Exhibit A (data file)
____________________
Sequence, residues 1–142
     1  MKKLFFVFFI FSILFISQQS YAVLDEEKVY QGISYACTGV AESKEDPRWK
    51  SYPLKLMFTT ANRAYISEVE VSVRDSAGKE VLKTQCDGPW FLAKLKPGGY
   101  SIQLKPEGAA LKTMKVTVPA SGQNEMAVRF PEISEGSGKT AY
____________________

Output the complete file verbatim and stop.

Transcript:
Sequence, residues 1–142
     1  MKKLFFVFFI FSILFISQQS YAVLDEEKVY QGISYACTGV AESKEDPRWK
    51  SYPLKLMFTT ANRAYISEVE VSVRDSAGKE VLKTQCDGPW FLAKLKPGGY
   101  SIQLKPEGAA LKTMKVTVPA SGQNEMAVRF PEISEGSGKT AY